In his four years with the SO19, the Metropolitan Police Special Firearms Wing, Steve Collins has been in over thousand contacts, that is gun battles with Yardies, IRA gunmen, East End gangsters such as the notorious Arifs and their hitman, drug smugglers from South America and elsewhere and lone gunmen who have simply gone beserk. A judge commending the bravery of Steve`s team recenty said, ` If only the public knew the calibre of the men that protect them. ' SO19 is the invisible blue line that protects us all from the chaos and the violence that continually threatens to take over the capital. These groups are simply the best when it comes to firearms operations in an urban enviroment-the SAS come to them for training! Here Steve Collins gives the inside story of these operations, which we otherwise only get to hear about when they make the headlines.
You understand the basic concepts of game design: gameplay, user interfaces, core mechanics, character design, and storytelling. Now you want to know how to apply them to the action and arcade genre. This focused guide gives you exactly what you need. It walks you through the process of designing for the action and arcade genre and shows you how to use the right techniques to create fun and challenging experiences for your players.
To create a great video game, you must start with a solid game design: A well-designed game is easier to build, more entertaining, and has a better chance of succeeding in the marketplace. Here to teach you the essential skills of player-centric game design is one of the industry’s leading authorities, who offers a first-hand look into the process, from initial concept to final tuning. Now in its second edition, this updated classic reference by Ernest Adams offers a complete and practical approach to game design, and includes material on concept development, gameplay design, core mechanics, user interfaces, storytelling, and balancing. In an easy-to-follow approach, Adams analyzes the specific design challenges of all the major game genres and shows you how to apply the principles of game design to each one. You’ll learn how to: Define the challenges and actions at the heart of the gameplay. Write a high-concept document, a treatment, and a full design script. Understand the essentials of user interface design and how to define a game’s look and feel. Design for a variety of input mechanisms, including the Wii controller and multi-touch iPhone. Construct a game’s core mechanics and flow of resources (money, points, ammunition, and more). Develop appealing stories, game characters, and worlds that players will want to visit, including persistent worlds. Work on design problems with engaging end-of-chapter exercises, design worksheets, and case studies. Make your game accessible to broader audiences such as children, adult women, people with disabilities, and casual players. “Ernest Adams provides encyclopedic coverage of process and design issues for every aspect of game design, expressed as practical lessons that can be immediately applied to a design in-progress. He offers the best framework I’ve seen for thinking about the relationships between core mechanics, gameplay, and player—one that I’ve found useful for both teaching and research.” — Michael Mateas, University of California at Santa Cruz, co-creator of Façade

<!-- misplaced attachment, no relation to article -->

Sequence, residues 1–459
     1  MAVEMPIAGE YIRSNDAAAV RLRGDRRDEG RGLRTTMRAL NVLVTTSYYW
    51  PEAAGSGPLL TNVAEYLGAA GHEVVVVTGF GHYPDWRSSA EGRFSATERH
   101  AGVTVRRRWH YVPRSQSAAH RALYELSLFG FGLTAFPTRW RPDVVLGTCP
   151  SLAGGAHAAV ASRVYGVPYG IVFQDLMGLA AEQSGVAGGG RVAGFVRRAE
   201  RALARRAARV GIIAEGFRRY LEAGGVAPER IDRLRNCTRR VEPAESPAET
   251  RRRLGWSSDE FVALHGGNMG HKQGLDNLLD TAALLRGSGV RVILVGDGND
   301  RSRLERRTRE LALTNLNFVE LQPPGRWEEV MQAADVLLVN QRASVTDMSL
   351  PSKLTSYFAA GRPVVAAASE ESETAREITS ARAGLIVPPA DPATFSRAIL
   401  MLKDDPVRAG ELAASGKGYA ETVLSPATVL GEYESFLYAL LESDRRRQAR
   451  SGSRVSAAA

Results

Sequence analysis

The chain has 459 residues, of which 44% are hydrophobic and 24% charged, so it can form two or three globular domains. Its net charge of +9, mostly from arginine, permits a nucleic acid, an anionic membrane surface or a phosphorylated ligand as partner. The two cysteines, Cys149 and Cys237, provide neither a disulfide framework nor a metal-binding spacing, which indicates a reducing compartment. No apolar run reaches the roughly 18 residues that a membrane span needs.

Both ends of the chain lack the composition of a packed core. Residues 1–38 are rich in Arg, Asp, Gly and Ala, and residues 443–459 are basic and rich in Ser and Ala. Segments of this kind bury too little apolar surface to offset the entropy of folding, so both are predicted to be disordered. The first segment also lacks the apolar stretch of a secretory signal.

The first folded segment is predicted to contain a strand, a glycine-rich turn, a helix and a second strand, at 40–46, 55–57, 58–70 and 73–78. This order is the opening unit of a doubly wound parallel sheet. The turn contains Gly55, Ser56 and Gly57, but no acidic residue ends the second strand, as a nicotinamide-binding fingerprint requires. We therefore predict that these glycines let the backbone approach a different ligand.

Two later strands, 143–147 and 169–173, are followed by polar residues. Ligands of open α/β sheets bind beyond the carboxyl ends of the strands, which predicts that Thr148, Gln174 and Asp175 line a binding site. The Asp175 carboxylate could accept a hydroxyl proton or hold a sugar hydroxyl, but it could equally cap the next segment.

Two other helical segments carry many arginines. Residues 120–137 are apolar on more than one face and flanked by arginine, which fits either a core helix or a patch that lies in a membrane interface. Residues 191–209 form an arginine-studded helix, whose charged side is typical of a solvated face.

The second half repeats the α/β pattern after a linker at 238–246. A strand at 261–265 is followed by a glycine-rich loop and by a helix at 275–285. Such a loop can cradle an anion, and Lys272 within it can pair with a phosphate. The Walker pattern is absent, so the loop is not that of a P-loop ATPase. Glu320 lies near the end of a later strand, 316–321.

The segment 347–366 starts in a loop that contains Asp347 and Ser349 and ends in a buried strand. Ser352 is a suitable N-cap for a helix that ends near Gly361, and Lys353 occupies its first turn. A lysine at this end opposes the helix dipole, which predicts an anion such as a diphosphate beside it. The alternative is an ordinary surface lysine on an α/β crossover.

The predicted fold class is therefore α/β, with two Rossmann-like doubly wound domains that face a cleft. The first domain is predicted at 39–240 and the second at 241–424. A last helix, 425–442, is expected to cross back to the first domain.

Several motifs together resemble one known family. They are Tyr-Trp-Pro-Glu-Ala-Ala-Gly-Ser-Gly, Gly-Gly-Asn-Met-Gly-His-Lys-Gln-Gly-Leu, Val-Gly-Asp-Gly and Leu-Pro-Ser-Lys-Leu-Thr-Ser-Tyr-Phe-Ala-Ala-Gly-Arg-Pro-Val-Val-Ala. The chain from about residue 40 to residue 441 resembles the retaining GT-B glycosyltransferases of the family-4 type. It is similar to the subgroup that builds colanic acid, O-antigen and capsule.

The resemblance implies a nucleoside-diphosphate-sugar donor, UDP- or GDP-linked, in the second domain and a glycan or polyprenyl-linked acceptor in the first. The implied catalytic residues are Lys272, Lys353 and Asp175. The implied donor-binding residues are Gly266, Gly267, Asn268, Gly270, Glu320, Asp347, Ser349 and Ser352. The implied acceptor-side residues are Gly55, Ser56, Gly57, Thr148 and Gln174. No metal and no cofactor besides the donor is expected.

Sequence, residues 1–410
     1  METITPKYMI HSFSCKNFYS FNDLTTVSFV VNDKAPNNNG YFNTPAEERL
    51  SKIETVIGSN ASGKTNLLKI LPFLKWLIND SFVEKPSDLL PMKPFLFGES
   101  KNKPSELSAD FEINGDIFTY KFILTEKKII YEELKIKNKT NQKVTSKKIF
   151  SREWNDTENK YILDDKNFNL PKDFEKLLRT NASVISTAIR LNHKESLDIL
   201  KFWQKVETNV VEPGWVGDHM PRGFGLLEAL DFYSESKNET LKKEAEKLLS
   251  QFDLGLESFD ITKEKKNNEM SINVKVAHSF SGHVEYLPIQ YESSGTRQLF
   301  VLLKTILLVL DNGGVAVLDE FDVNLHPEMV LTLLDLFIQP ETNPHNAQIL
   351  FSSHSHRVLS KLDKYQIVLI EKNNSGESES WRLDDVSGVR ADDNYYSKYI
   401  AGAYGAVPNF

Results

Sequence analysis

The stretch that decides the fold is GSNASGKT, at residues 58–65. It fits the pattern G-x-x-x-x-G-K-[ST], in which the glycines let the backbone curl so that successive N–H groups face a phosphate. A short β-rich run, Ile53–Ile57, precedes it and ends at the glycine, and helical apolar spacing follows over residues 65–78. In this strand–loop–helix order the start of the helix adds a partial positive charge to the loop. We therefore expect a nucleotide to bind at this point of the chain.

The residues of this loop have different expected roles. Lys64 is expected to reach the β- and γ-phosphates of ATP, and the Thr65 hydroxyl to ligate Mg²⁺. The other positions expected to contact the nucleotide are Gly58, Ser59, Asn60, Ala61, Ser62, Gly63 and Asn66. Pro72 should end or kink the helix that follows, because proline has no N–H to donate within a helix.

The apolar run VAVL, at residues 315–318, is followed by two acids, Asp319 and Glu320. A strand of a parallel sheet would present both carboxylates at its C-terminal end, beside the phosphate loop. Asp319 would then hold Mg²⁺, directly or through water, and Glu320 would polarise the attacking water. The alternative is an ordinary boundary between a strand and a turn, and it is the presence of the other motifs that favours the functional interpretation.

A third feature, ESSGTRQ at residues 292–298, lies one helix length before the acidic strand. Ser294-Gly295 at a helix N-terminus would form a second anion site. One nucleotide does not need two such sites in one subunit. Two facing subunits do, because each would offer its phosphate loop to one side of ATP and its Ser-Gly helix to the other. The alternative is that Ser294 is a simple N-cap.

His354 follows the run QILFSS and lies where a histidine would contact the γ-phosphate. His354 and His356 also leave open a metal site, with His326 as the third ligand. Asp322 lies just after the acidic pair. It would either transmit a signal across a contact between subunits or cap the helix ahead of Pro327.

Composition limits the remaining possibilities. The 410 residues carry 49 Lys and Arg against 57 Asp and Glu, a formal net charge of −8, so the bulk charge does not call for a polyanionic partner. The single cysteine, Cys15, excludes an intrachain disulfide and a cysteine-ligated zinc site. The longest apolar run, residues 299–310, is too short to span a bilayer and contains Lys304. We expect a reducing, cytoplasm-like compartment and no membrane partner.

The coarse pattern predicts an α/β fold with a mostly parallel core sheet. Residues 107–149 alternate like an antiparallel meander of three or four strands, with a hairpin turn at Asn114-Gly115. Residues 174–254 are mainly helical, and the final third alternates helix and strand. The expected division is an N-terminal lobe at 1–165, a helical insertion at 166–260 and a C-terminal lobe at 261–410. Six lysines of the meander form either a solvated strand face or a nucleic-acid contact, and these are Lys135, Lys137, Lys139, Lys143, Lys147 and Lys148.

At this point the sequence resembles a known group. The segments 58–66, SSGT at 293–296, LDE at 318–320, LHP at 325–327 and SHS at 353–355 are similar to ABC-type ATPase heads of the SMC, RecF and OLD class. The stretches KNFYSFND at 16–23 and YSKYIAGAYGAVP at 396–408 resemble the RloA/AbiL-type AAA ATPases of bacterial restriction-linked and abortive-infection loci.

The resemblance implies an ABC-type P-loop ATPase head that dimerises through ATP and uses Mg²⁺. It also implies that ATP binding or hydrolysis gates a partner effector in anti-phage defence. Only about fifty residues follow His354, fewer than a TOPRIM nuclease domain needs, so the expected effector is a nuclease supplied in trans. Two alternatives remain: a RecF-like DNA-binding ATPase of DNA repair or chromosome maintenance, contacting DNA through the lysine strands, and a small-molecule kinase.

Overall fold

12 Secrets to Getting Selected Spec Ops Essential Guide for All Future Operators
Thinking about trying out for Spec Ops? You can make it with these ESSENTIAL Spec Ops preparation guide SECRETS. Guaranteed the fastest way into Spec Ops. This book is a MUST read if you are thinking about trying out for Spec Ops. Full of Spec Ops Fitness workouts (8 week with and without equipment workouts, Spec Ops specific swim workouts), simplified nutrition, gear preparation, Spec Ops foot care, MINDSET, and the 12 MUST know SECRETS on how to get through any hell week (BUD/S, A&S, SFAS, Indoc). This is the book the Spec Ops cadre don't want you to read before you try out. About The Author: Chase Warren has extensive training in Close Quarters Battle (CQB), Unconventional Warfare, Para Operations, Amphibious Operations, Small Unit Tactics, Medical Trauma Care, Survive, Evade, Resist, and Escape (SERE School), Language Training, various team leader and war fighting schools. He has deployed to every continent (except Antarctica) in support of missions to shape the environment. See more at 12STGScom
What is it like to be a police officer? Have you ever looked at a police officer and wondered, "Who is that person in that uniform?" Who goes into law enforcement and why? What is it like behind the badge? What does a police officer do and what does it do to him or her? Wearing The Blue is one person's experience and answer to these questions.